Top three things killing the insurance industry
Thanks to these threats, 54% of insurers had an ROE below their cost of equity.
There have been three issues posing a threat to the insurance industry for a long while now; but come 2022, McKinsey & Company has finally rung the alarm.
“These issues have now taken a greater urgency,” the global consultancy firm warned.
The three threats, according to McKinsey, are the persistently low-interest rates, which pressure spread-based businesses such as life insurance; pricing pressures driven by fee transparency, digital attackers, and lower-cost options aggravated by price comparison websites; and organic demand that is growing only slowly in mature markets.
“The [third] is particularly worrying because growth in developed economies is coming mostly from price increases rather than from volume or new risks covered, highlighting a risk that the industry might lose its relevance over time,” McKinsey said.
According to McKinsey & Company’s Global Insurance Report 2022, these threats are said to have resulted in the worst possible outcome—half of the industry players do not earn their cost of equity after decades of stable returns.
McKinsey stressed that this is not a problem caused by a few underperformers, it is industry-wide. 54% of listed insurers, representing around 52% of the global industry’s equity, had a return on equity (ROE) below their cost of equity over the past five years. McKinsey said this raised questions about the long-term economic viability of their business model which investors in the public markets have taken note of.
Globally, about 50% of listed insurance companies have consistently traded below their book value in the past five years, which McKinsey said is a clear vote of no confidence in the industry and raises questions about the long-term future of insurance players, particularly in multiline insurance where about around 60% of players are trading below book value.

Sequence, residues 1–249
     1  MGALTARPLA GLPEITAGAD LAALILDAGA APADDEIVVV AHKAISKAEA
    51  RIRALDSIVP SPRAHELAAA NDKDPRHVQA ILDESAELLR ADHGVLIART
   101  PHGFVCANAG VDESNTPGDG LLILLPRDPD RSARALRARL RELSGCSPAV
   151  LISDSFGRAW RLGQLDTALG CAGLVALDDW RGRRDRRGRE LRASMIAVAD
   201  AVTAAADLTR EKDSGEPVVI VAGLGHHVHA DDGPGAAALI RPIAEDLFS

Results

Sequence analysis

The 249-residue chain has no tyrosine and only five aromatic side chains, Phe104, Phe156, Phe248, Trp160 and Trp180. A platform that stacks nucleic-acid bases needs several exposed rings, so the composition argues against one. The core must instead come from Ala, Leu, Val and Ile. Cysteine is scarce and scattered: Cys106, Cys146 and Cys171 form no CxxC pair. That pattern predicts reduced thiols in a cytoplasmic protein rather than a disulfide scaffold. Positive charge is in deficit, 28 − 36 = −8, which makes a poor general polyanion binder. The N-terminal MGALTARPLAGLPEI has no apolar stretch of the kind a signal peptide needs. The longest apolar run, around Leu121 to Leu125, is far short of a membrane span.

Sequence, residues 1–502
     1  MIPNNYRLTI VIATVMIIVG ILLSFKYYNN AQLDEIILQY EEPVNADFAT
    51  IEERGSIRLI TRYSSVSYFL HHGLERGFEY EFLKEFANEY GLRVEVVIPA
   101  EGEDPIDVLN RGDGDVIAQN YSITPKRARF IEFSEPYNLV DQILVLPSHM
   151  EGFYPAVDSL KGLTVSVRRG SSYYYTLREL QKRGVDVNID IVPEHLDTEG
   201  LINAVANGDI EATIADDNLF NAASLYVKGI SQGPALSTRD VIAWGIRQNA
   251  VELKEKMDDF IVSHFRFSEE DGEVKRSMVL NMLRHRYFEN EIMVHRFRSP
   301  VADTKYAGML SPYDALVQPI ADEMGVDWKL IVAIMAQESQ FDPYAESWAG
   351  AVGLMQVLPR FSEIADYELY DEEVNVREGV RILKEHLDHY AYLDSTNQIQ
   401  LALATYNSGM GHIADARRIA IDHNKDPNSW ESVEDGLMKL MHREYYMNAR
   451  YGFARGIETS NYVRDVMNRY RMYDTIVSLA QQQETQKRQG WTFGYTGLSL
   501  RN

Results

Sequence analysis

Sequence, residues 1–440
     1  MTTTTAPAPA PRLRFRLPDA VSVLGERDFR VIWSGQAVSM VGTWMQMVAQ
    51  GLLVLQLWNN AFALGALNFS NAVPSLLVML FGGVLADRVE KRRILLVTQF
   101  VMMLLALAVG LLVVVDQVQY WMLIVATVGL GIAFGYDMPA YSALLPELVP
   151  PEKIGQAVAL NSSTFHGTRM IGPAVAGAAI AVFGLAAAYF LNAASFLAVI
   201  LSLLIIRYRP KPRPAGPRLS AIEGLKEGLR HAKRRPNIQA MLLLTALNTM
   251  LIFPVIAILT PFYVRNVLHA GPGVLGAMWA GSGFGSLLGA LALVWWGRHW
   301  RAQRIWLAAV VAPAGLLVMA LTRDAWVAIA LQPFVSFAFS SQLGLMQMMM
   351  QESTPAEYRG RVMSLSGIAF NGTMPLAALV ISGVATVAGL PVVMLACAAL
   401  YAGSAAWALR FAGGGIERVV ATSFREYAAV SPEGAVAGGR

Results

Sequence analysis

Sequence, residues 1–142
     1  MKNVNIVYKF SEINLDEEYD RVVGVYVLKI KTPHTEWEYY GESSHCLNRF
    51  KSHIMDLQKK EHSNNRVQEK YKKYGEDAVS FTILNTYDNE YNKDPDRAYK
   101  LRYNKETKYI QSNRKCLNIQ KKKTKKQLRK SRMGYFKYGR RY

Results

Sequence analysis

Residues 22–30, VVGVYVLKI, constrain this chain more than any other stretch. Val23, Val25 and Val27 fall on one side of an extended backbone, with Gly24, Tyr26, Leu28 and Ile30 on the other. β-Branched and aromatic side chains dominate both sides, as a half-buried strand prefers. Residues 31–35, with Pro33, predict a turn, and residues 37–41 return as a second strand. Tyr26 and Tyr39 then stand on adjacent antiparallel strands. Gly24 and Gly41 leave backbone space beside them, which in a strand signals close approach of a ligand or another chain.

McKinsey is not the only one ringing alarm bells for the industry. Deloitte also has a similar opinion, although it sees talent shortage as the biggest threat at the moment.
In a poll they did amongst global insurers, respondents said they expect to increase headcount in most of their functional areas this year. Deloitte, however, said, “The big question insurers face is where will all that talent come from, and how will they be able to recruit and retain the skill sets to maintain and advance increasingly digitised operations?”
An example of this talent shortage is already seen in Hong Kong. According to a survey by the Hong Kong Federation of Insurers last February, one out of three international insurers in Hong Kong are thinking about cutting back on their operations due to a talent shortage. About 30% of respondents are mulling relocating their global and regional teams, leaving only Hong Kong-focused staff behind. Even Hong Kong’s Insurance Authority reported that it is understaffed by around 10%.
Also, if you narrow the scope to technology, insurers will not just be competing with industry peers but tech giants, as well.
Another survey revealed that 43% feel that it is getting harder to find skilled candidates in a number of functional areas, with information technology topping that list in terms of recruitment difficulty. That same survey identified the top five talents most difficult to acquire are in cloud engineering, data science and analytics, artificial intelligence (AI) and machine learning, software development, and cybersecurity.
Deloitte warned that talent shortage in these key areas could undermine transformation efforts at a time when digitalisation is expected to accelerate internally with staff and externally with customers and business partners.
Moreover, difficulties in talent acquisition in cybersecurity could slow down insurers’ efforts to protect themselves and their customers against mounting ransomware attacks. Last year alone, the IDC reported that 37% of global organisations fell victim to cyber-attacks.
Deloitte advised that insurers should take a three-pronged approach to attract, train, and retain tech-savvy workers. These three-pronged approaches are: looking for talent with adaptable skills; upskilling existing staff; and developing a compelling value proposition for would-be tech-savvy employees to choose insurance over technology firms.
‘Fight for consumers’
Another hurdle that insurers must face is the ongoing ‘fight for customers’ with insurtech disrupters.